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Given a range of IP addresses entered by a user (through various means), I want to identify which of these machines have software running that I can talk to.

Here's the basic process:

  1. Ping these addresses to find available machines

  2. Connect to a known socket on the available machines

  3. Send a message to the successfully established sockets

  4. Compare the response to the expected response

Steps 2-4 are straight forward for me. What is the best way to implement the first step in .NET?

I'm looking at the System.Net.NetworkInformation.Ping class. Should I ping multiple addresses simultaneously to speed up the process? If I ping one address at a time with a long timeout it could take forever. But with a small timeout, I may miss some machines that are available.

Sometimes pings appear to be failing even when I know that the address points to an active machine. Do I need to ping twice in the event of the request getting discarded?

To top it all off, when I scan large collections of addresses with the network cable unplugged, Ping throws a NullReferenceException in FreeUnmanagedResources(). !?

Any pointers on the best approach to scanning a range of IPs like this?

share|improve this question
I'm still having trouble with the pings being unreliable, but I haven't been able to implement the answers suggested here because they are too time consuming. – Josh G May 5 '10 at 17:53
up vote 4 down vote accepted

Since not all machines respond to pings (depending on firewall settings) I suggest skipping step 1 if possible.

If you know the machines you will be connecting to respond to pings the ping class works well enough. It only sends 1 packet so ping more than once in case it gets dropped. Also, in my experience the ping class will often throw an exception instead of returning a PingReply object if the host is unreachable.

This is my suggested implementation:

public bool
   Ping (string host, int attempts, int timeout)
      System.Net.NetworkInformation.Ping  ping = 
                                       new System.Net.NetworkInformation.Ping ();

      System.Net.NetworkInformation.PingReply  pingReply;

      for (int i = 0; i < attempts; i++)
            pingReply = ping.Send (host, timeout); 

            // If there is a successful ping then return true.
            if (pingReply != null &&
                pingReply.Status == System.Net.NetworkInformation.IPStatus.Success)
               return true;
            // Do nothing and let it try again until the attempts are exausted.
            // Exceptions are thrown for normal ping failurs like address lookup
            // failed.  For this reason we are supressing errors.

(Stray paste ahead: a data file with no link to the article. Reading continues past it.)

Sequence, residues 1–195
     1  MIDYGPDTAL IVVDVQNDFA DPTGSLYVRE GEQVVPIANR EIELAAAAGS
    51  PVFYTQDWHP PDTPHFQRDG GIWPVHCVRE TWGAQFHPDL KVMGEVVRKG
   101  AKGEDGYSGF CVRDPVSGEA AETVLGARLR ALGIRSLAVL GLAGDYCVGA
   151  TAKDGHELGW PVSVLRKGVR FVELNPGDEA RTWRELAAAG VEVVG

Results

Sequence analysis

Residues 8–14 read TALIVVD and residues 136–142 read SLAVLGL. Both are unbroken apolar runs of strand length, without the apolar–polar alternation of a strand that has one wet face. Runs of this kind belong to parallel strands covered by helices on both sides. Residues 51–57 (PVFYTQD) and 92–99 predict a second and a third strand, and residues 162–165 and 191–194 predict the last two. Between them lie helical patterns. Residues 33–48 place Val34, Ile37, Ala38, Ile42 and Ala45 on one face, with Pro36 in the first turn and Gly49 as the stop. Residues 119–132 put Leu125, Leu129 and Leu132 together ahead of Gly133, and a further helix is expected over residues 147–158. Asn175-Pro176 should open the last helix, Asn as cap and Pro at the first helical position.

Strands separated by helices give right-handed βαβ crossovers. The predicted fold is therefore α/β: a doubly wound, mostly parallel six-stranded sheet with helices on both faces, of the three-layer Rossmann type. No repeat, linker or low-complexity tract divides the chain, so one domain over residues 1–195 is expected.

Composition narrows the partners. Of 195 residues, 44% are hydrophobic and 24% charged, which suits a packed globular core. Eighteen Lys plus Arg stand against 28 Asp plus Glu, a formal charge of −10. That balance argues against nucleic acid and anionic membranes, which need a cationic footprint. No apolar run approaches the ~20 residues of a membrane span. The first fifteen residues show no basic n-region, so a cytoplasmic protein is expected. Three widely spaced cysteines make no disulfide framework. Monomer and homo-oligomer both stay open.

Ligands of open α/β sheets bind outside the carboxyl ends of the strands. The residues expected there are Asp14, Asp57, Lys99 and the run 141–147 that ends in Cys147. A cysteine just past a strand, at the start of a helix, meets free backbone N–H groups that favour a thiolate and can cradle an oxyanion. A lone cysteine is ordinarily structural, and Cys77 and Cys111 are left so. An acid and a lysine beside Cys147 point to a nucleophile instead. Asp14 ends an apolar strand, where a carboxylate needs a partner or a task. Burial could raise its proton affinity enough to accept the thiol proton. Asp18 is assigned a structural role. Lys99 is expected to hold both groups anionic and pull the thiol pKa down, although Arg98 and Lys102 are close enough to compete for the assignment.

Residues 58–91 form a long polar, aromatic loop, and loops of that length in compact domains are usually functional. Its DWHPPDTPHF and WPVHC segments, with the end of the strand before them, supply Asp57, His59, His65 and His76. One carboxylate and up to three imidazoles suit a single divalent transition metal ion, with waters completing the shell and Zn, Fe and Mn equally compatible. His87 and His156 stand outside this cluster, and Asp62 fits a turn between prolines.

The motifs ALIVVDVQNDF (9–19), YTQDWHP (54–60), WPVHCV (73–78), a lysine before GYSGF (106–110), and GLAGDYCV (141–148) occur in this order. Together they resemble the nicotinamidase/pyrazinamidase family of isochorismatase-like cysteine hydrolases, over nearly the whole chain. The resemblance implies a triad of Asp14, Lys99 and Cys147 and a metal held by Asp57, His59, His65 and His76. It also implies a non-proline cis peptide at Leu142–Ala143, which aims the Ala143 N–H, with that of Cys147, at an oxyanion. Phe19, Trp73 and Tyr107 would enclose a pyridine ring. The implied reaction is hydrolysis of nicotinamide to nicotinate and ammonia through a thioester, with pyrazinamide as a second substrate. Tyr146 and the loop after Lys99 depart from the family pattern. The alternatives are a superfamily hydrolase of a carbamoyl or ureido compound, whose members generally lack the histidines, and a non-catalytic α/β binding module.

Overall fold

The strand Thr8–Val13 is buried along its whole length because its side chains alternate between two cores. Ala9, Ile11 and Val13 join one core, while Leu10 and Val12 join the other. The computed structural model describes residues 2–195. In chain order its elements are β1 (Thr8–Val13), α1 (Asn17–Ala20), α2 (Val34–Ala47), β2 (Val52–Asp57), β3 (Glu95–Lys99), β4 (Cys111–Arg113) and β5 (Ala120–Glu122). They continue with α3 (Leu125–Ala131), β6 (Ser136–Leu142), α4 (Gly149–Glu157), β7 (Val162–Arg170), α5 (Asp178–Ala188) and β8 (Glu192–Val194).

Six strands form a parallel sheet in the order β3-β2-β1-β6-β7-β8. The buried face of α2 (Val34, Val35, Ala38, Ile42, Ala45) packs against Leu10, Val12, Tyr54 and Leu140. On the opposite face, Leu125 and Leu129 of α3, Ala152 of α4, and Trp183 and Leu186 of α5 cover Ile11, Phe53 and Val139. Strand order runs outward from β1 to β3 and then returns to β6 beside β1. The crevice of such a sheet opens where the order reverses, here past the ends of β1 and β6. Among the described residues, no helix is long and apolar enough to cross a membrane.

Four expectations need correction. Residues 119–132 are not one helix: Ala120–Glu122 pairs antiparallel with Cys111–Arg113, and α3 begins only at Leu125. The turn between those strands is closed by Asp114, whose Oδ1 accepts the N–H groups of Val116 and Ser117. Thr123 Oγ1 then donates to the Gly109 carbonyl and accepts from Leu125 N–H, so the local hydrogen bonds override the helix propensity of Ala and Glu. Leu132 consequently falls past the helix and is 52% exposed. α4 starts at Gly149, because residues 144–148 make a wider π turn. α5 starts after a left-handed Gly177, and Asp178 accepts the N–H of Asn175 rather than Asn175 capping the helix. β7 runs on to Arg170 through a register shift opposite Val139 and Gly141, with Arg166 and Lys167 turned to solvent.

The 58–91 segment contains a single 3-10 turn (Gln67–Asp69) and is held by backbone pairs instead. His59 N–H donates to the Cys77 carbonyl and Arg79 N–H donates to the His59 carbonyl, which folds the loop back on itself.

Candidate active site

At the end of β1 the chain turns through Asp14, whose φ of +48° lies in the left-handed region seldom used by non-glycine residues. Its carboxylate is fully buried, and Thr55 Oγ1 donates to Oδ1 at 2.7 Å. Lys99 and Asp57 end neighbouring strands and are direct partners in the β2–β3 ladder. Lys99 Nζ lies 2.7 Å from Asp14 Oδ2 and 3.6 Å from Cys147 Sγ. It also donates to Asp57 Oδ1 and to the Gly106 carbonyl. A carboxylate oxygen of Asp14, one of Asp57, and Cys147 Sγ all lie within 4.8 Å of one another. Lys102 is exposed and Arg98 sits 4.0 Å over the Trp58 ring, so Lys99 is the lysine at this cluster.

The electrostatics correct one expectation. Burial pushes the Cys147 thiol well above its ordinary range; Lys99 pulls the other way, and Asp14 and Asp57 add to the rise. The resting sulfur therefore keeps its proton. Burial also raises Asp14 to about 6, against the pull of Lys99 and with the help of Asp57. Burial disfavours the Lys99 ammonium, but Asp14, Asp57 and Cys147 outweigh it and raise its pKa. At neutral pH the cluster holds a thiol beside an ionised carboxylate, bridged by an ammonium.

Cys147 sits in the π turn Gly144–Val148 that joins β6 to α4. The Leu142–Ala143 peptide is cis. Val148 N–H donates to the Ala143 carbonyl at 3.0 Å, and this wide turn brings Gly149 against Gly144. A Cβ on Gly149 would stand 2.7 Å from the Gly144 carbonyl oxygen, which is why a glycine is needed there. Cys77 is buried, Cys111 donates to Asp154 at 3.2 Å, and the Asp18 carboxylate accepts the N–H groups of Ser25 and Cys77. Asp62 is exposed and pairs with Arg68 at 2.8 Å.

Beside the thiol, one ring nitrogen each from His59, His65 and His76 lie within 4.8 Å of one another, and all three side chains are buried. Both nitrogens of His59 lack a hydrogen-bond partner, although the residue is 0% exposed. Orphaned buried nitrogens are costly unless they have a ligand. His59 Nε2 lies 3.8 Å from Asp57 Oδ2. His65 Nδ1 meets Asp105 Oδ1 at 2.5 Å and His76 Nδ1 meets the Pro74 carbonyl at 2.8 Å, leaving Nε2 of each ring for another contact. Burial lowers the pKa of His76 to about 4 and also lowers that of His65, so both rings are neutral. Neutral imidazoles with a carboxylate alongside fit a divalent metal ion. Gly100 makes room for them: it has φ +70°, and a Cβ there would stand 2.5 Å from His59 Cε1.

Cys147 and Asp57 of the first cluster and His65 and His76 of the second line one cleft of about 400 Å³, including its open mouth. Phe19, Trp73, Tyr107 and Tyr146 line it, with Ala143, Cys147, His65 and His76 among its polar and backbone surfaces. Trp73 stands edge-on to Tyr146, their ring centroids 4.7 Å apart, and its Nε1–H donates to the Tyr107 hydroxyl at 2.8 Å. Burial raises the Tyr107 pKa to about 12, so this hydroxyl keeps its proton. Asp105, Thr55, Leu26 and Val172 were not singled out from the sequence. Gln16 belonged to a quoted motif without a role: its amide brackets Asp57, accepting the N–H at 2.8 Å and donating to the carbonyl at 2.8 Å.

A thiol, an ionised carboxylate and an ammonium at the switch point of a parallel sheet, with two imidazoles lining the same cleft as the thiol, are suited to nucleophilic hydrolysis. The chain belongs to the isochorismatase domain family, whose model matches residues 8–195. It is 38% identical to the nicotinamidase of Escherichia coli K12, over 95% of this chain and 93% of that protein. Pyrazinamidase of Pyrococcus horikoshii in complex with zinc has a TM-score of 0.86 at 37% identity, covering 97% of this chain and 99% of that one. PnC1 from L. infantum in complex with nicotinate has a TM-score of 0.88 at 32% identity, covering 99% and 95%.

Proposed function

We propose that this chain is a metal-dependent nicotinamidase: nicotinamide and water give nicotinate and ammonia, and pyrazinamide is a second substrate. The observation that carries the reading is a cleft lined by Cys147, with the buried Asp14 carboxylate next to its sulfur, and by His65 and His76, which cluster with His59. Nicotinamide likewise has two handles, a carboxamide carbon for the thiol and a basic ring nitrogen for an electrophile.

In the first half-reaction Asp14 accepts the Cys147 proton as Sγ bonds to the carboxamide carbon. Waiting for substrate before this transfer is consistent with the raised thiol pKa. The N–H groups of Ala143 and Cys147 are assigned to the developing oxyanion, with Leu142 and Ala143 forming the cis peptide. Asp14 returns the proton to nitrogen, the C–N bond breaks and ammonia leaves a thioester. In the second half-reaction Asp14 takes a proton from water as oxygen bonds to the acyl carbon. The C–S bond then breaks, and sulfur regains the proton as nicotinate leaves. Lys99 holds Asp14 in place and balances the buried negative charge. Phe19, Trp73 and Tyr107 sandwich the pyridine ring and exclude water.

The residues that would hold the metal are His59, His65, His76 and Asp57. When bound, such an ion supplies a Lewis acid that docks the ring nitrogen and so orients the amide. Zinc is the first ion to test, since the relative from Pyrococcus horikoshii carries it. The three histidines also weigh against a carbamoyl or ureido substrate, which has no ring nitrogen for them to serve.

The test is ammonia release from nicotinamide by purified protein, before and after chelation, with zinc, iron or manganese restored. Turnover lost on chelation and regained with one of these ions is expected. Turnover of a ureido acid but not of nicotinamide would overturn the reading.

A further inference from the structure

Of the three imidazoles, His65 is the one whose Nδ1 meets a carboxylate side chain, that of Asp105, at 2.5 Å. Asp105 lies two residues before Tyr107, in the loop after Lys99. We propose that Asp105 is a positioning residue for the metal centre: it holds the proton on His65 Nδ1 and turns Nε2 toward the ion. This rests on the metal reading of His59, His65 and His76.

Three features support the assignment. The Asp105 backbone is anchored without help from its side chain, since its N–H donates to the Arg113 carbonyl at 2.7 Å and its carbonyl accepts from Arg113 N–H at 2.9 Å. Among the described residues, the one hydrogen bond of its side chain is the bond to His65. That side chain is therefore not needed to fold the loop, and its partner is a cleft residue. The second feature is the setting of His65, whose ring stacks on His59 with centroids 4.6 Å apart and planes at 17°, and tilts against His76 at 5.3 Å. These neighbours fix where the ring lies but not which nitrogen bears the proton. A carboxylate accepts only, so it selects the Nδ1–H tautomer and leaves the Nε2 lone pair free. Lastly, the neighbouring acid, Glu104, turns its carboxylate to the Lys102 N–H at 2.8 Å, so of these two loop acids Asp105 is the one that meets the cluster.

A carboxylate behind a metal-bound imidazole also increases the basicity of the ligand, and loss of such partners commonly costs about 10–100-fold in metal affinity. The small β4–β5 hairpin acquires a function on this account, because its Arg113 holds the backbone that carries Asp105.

// Return false if we can't successfully ping the server after several attempts.
      return false;
share|improve this answer

Don't forget the headache of the people who will deny pinging in their firewall rules.

My only suggestion is perhaps a question: Do you have to do #1?

Can't you simply try to connect to that known socket? Successful connection to that socket kills two birds with one stone: yes the host is there/alive, and yes, the known-socket is open.

This type of situation does lend itself well to multithreading, fire it off on another thread, and wait for it to come back with an answer...

share|improve this answer
The only issue with this approach would be time. If the address range is 256+ addresses, is it feasible to try to open a socket to each one? How long would the timeout have to be? Could I try to open several sockets at once? – Josh G Nov 17 '09 at 20:48
You could for example make 4 async sockets and start trying to connect to the machines, that way you can try 4 connections at a time. Add as many sockets as you want! – DaMacc Nov 17 '09 at 21:16
The only problem is that ping is unreliable because of firewalls and such. The only alternative is to skip it entirely. I'd probably go with something like @DaMacc is suggesting - simply thread-off N-threads at a time... – Yoopergeek Nov 17 '09 at 21:50
Any limits on the highest number of sockets that I could realistically use at a time before something choked? – Josh G Nov 18 '09 at 12:58
I am not aware of any limit, but then I'm not well-versed in socket programming, so I can't be sure. Without an exact answer, I'd play it conservatively... 5-to-10 connections, maybe? That's where I'd start. – Yoopergeek Nov 18 '09 at 14:02

As many people mentioned Ping is not the best ways to detect if the machine is alive, if it is an absolute must to detect all available machine on the subnet, you could use some of the trick nmap scanner uses, to detect available machines.

You couuld use nmap -sP to scan to

share|improve this answer
like what? what tricks? – Maslow Dec 13 '15 at 16:42
You could use nmap -sP to scan to – Vitalij Dec 13 '15 at 18:47
ok but this is a question about how to do that same sort of thing in C#, so I was asking if you could shed light on how the nmap tricks relate to doing this in C#? – Maslow Dec 14 '15 at 13:53

Sounds suspiciously like someone trying to write a botnet and scanning subnets for infected PCs.

There's hardly ever a reason to "detect computers on the network", let them talk to you instead when and if they want to.

share|improve this answer
Actually it's a configuration tool for hardware devices. I'm trying to identify where the devices are at. Having the devices talk to me would not change the problem. They would be randomly pinging to find the configuration PC just like the configuration PC is doing now. – Josh G Mar 18 '10 at 12:28

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